3. The Grany Center in Perm, which produces highly valuable studies of the third sector in Russia
  4. The International Memorial Society in Moscow, primarily a research institution specializing in the history of Stalinist repression, but also in human rights abuses and other aspects of contemporary Russian society (their human rights division has received a separate demand to register as a foreign agent)
  5. Transparency International, a well-known corruption watchdog
  6. The Levada Center (see previous post)
  7. and, somewhat bizarrely, the All-Russian Center for Public Opinion Research, often considered Levada’s “evil twin”

If all or many of these organizations were to close as a result of the libellous accusations, most of our sources of first-hand social scientific knowledge about Russia would vanish.

Save the Levada Center and other social science institutions in Russia!

Independent social science is once more under attack in Russia. It feels uncannily like early 2008, when the European University at Saint Petersburg was shut down for several weeks and an international solidarity campaign contributed to saving it. Only this time the threat is more serious and more global. I have therefore decided to devote the English version of my blog to supporting the growing international campaign to help the Levada Center and other independent social science institutions that are suffering from the current wave of state repressions against non-governmental organizations accused of being “foreign agents”. (The German version of this blog is tied to my recent book Putin kaputt!? Russlands neue Protestkultur, the first full-length study of the 2011- Russian protest movement.)

First, here are the facts: the Levada Center, Russia’s best known public opinion research institute, has received a “warning” from the Savyolovo inter-district prosecutor’s office in Moscow accusing it of being a “foreign agent”. This is based on a recent law that obliges all NGOs that receive any foreign funding and engage in “political activity” to identify themselves as “foreign agents” in all official documents and public pronouncements, a measure that harks back to Stalinist terror, but also to McCarthyism in the U.S. and to the Nazis’ yellow-start policy for anyone identified as a Jew. In the case of the Levada Center, not only is the foreign funding the Center receives actually a neglibile part of its budget; the “political activity” it is supposedly engaged in consists in publishing its survey results.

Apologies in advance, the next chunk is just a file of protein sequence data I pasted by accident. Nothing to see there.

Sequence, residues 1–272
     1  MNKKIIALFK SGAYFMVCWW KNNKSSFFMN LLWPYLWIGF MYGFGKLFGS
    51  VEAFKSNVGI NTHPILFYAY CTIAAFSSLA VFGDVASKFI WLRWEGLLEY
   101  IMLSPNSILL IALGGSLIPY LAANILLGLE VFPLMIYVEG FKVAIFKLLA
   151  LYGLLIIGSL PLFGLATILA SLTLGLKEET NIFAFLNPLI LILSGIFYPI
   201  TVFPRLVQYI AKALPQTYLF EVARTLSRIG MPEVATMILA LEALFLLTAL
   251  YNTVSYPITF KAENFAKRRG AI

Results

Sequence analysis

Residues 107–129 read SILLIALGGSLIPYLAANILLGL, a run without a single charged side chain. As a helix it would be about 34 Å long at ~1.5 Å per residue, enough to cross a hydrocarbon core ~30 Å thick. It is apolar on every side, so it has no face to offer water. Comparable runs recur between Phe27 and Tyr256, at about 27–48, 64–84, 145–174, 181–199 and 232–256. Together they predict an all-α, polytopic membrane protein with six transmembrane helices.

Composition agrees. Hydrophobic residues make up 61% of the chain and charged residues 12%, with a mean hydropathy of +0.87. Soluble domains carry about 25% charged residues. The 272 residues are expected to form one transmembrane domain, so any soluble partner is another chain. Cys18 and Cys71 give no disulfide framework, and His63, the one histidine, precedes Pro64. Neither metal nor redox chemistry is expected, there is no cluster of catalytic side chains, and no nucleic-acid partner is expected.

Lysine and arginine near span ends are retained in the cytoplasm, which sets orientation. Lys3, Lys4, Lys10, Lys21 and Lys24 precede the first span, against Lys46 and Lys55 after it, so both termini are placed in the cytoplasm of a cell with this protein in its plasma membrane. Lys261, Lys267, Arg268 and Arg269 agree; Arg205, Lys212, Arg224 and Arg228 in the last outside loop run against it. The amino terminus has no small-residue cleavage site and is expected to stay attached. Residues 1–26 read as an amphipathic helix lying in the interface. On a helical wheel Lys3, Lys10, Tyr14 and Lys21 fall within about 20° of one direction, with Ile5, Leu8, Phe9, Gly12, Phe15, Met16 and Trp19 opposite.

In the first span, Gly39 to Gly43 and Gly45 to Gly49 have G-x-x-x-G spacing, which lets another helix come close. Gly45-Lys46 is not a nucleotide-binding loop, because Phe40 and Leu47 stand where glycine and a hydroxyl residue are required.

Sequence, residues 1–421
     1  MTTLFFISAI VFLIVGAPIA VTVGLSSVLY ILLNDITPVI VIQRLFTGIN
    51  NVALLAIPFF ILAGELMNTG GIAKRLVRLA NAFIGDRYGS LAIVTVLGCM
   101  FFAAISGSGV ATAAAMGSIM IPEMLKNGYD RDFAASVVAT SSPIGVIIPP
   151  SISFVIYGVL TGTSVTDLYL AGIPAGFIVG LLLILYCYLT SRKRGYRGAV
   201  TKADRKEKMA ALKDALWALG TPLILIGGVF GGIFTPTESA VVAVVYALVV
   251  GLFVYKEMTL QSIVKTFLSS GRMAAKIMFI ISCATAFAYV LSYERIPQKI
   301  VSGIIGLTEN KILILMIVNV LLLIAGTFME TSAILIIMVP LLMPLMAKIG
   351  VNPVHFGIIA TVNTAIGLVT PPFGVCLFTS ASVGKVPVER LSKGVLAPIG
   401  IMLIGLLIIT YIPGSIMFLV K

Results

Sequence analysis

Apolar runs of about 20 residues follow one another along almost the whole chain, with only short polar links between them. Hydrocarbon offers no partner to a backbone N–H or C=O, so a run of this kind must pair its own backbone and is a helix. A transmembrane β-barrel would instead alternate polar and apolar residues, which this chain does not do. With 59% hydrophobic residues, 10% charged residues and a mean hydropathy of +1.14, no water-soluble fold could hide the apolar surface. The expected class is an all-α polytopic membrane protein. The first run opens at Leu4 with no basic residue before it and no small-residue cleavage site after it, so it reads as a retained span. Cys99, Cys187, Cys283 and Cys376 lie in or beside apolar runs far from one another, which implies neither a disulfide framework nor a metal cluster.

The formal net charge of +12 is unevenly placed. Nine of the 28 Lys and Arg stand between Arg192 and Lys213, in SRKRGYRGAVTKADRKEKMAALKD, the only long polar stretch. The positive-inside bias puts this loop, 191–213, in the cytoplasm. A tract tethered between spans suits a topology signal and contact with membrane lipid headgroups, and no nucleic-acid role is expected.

This accusation comes after a series of demonstrative visits by the procuracy, justice ministry, and other government agencies to over 600 NGOs across Russia since March. A number of those harassed in this way are independent research organizations in the social sciences. As a result of these visits, several NGOs have been formally accused of being “foreign agents”; the most prominent among them, an election monitoring association called Golos, is being asked to pay a large fine and has been forced to shut down most of its operations.

In this first post, I will limit myself to listing a number of resources relevant to the attack on the Levada Center and, more generally, those aspects of the current wave of repressive measures that specifically concern the social sciences. (Later I will collect and systematize these and other links on my page devoted to academic freedom in the former Soviet Union.) Suggestions on what to do to help, inspired by the successful 2008 campaign to save the European University, will follow.

A New York Times article on the case.

The News section on the Levada Center’s website (in Russian), with updates on the situation and statements of support.

Appeal for Solidarity with the Levada Centrein German, English, and Russian, including English and German translations of a statement by Lev Gudkov, director of the Levada Center, and a German translation of the “warning” issued by the prosecutor’s office. Set up by Osteuropa, the main German journal of East European affairs.

English translation of the prosecutorial “warning.”

Italian version of Gudkov’s statement.

French version of Gudkov’s statement.

French version of the petition text.

Change.org petition in support of the Levada Center. Unfortunately (for technical reasons) the text on the change.org web site is in German only, but is simply the German version of the “Appeal for Solidarity” listed above, and I have suggested to the organizers that they should paste the other language versions below the list of signatories.

Declaration of support by the OIROM, the Russian Association for Market and Opinion Research, in Russian. Interestingly, one of the signatories is Valerii Fedorov, who has headed the All-Russian Center for the Study of Public Opinion ever since Yurii Levada’s team was forced to leave that organization in 2003.

Statement of support by the Kiev International Institute of Sociology, in Russian.

Podcast of a radio interview (in Russian) with sociologists Maria Matskevich, Viktor Voronkov, and Alexandra Dmitrieva, about the attack on the Levada Center and what it means for the future of sociological research in Russia. Here it is in embedded format: